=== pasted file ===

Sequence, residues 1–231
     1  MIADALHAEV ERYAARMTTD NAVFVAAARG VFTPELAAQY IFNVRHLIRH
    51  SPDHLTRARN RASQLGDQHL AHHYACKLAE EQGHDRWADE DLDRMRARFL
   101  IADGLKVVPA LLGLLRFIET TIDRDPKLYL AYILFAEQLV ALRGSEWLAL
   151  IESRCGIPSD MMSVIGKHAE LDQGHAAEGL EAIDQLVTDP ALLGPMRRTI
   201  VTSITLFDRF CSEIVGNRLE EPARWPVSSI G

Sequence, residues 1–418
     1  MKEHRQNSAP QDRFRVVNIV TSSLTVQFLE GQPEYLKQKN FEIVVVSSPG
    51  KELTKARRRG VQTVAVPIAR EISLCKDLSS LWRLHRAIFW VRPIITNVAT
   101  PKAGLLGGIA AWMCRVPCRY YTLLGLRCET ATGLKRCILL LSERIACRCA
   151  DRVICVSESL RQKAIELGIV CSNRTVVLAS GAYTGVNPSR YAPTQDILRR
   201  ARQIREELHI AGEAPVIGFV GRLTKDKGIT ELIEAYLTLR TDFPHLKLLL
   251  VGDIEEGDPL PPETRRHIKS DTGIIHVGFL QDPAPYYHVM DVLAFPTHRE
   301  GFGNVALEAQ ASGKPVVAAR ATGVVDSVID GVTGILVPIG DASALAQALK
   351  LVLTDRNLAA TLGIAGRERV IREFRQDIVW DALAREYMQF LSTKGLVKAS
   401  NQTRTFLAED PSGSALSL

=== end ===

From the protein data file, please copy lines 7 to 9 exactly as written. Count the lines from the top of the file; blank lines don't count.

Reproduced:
Sequence, residues 1–418
     1  MKEHRQNSAP QDRFRVVNIV TSSLTVQFLE GQPEYLKQKN FEIVVVSSPG
    51  KELTKARRRG VQTVAVPIAR EISLCKDLSS LWRLHRAIFW VRPIITNVAT